"When You Think Your Marriage is Over, Give It One More Year"One of the questions I’m frequently asked is, “How do you know when it’s time to give up on your marriage?”

If you’re considering divorce, I suggest first trying to make it work for at least one more year.

Did you hear that?

Try for at least one more year!

And I mean REALLY try. You can always call it quits. You always have that option. But once you pull that trigger, it’s over. No more chances. Your life will never be the same. Do you have kids? Their lives will never be the same.

If you end your marriage, you don’t want to have a shred of doubt about what might have been. You don’t ever want to look back and wonder if things could have been different. You don’t want to ask yourself, “What if this? What if I tried that?”

If you have to end your marriage, you want to know DEEP IN YOUR HEART that you did everything you could to make it work.

Giving it one year of serious effort will also help you to move on with your life and into another relationship with a clear head, should you ultimately divorce. You want to come to a place of healthy closure. That is crucial! In my experience, the best way to do that is to work at your marriage for at least one additional year. I know it probably seems like a long time, but it’s an investment in the rest of your life.

Here’s the key point: It’s a good investment for the rest of your life whether your marriage succeeds or not. Obviously, it’s a good investment if you turn your marriage around. But if you don’t, it will not have been a wasted year. It will have been the most important thing you could have done with that year because of the impact on the rest of your life and (if it comes to this) your next relationship.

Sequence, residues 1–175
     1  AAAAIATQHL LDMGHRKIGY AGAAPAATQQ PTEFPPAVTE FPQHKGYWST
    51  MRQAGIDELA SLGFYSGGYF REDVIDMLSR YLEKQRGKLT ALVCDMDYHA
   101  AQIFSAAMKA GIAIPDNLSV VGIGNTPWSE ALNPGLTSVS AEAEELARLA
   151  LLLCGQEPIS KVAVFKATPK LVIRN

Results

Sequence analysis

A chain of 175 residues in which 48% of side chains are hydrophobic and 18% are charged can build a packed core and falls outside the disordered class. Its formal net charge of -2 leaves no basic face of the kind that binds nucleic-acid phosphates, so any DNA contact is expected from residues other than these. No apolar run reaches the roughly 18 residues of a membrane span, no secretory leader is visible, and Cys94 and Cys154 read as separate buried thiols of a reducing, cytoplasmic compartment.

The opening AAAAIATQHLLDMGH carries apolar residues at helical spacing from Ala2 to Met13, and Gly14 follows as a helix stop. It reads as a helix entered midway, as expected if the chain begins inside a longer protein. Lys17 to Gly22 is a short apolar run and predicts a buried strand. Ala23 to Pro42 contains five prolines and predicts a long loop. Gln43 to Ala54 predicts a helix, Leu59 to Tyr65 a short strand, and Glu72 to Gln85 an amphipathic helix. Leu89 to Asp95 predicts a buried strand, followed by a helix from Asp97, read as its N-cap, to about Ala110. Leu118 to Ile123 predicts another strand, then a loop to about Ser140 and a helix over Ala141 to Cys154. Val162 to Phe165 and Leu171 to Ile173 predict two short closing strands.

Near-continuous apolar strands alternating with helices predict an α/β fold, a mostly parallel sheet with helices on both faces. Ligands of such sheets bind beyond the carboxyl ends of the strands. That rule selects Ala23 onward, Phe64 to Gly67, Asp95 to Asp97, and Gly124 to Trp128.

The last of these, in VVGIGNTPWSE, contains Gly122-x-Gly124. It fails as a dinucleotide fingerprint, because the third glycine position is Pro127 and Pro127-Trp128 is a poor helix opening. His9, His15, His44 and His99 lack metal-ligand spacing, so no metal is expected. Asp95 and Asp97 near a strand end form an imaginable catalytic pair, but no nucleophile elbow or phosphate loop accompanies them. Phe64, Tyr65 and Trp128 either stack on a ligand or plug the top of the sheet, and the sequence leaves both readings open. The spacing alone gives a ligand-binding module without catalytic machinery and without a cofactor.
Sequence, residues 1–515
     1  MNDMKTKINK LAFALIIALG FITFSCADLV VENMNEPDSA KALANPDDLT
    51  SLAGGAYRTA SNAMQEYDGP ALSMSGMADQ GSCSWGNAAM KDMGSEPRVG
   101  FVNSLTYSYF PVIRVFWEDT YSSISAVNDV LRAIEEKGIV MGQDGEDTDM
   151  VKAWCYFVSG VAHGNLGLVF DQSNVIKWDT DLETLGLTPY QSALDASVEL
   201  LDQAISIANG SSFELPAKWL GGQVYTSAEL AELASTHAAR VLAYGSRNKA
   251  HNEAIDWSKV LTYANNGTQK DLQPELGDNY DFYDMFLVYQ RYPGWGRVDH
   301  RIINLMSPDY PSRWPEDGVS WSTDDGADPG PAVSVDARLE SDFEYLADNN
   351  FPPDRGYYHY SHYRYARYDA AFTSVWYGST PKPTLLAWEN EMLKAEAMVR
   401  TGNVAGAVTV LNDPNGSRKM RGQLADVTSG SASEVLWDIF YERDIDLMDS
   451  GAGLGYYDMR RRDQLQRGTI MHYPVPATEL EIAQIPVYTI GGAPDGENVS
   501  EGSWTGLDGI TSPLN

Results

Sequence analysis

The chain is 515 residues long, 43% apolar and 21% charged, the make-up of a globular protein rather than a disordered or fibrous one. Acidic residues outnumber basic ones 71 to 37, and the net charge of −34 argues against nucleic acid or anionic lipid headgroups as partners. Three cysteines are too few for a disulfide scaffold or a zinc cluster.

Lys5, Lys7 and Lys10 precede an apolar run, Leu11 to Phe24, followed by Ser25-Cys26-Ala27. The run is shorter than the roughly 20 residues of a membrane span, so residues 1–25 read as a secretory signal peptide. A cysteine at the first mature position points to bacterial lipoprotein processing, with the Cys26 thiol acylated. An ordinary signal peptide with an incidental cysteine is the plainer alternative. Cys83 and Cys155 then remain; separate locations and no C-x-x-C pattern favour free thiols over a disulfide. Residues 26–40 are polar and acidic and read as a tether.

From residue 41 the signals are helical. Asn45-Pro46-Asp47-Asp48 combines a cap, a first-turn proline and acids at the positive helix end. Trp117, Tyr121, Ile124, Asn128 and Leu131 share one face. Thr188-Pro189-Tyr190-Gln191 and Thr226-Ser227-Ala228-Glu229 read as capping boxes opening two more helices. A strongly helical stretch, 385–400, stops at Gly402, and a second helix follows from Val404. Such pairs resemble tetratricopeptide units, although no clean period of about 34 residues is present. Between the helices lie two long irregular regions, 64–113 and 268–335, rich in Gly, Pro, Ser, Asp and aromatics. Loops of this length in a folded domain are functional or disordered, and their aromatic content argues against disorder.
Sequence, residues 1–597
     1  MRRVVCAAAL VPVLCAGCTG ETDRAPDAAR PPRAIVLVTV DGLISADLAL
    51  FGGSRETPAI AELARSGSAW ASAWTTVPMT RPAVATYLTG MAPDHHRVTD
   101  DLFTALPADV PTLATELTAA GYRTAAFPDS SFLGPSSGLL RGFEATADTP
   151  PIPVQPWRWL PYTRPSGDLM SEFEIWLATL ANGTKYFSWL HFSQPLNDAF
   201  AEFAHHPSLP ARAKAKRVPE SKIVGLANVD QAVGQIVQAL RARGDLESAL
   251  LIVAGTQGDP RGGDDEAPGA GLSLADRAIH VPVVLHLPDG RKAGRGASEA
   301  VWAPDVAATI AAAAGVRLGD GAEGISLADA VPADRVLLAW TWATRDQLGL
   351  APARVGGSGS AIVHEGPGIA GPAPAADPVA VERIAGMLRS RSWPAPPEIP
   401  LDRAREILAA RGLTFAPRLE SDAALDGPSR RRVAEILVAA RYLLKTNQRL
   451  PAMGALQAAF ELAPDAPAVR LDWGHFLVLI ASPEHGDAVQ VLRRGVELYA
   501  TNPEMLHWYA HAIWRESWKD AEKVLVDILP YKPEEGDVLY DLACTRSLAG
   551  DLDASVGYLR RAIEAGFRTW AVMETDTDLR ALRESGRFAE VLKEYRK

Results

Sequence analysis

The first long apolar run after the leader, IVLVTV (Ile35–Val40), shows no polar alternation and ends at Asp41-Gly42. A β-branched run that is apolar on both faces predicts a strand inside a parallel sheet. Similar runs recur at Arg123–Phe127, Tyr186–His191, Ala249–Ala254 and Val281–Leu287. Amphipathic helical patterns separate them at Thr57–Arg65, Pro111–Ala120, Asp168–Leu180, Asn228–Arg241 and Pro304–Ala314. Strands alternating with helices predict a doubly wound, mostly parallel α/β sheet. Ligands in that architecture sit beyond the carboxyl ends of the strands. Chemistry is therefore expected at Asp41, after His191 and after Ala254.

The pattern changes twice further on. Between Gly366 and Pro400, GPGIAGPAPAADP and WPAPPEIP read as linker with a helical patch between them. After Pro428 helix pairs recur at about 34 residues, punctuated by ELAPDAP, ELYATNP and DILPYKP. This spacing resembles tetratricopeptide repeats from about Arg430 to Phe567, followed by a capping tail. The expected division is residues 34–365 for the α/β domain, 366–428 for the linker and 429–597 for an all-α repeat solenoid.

I have seen too many cases of spouses ending their marriages prematurely, and as a result, never reaching closure in the relationship. A few years later, they find themselves in the same situation with someone else.

Sometimes the progress individuals make in relationship counseling turns out to be more beneficial for them in their next relationship than in their current one.

I remember an instance when a man’s marriage ended in the middle of a seven-week marriage boot camp. The individual asked whether he should continue with the final weeks of the program. I said, “Absolutely.”

He responded, “Why? What’s the point? My marriage is over.”

“You’re not doing it for this marriage,” I explained. “You’re doing it for the benefit of your next one.”

Now don’t get me wrong; your intention for working on your marriage shouldn’t be simply to benefit your life after marriage. You need to be intent on restoring your current relationship.

But if you fail, your effort will not have been for naught.

Bottom line is this. If you’re asking, “When is it time to call it quits?”

The answer is: one year after you think you’re done. If after one more year of trying everything in your power to make your marriage work you’re still miserable, then you should consider moving on. Until then, hang in there and don’t give up.

This topic reminds me of my situation many years ago. I remember learning late one night that my wife had an appointment with a divorce attorney the next morning. We were hours from “done.” Who would have thought that we could turn things around at that point?

We did, of course.

It’s never too late! In fact (and here’s real food for thought), very often the turning point in a marriage is when a couple hits rock bottom. Sometimes it’s not until things couldn’t get worse that they can get better.

Mort Fertel is a world authority on the psychology of relationships. He has been featured as an expert on ABC, NBC, CBS, PBS and Fox television networks, as well as dozens of publications including Glamour Magazine and Family Circle, to discuss his Marriage Fitness System. His program is endorsed by a wide variety of mental-health professionals, and he has helped save thousands of marriages. Fertel graduated from the University of Pennsylvania, was the CEO of an international nonprofit organization, and is a former marathon runner. He lives with his wife and five children (including triplets!) in Baltimore, MD.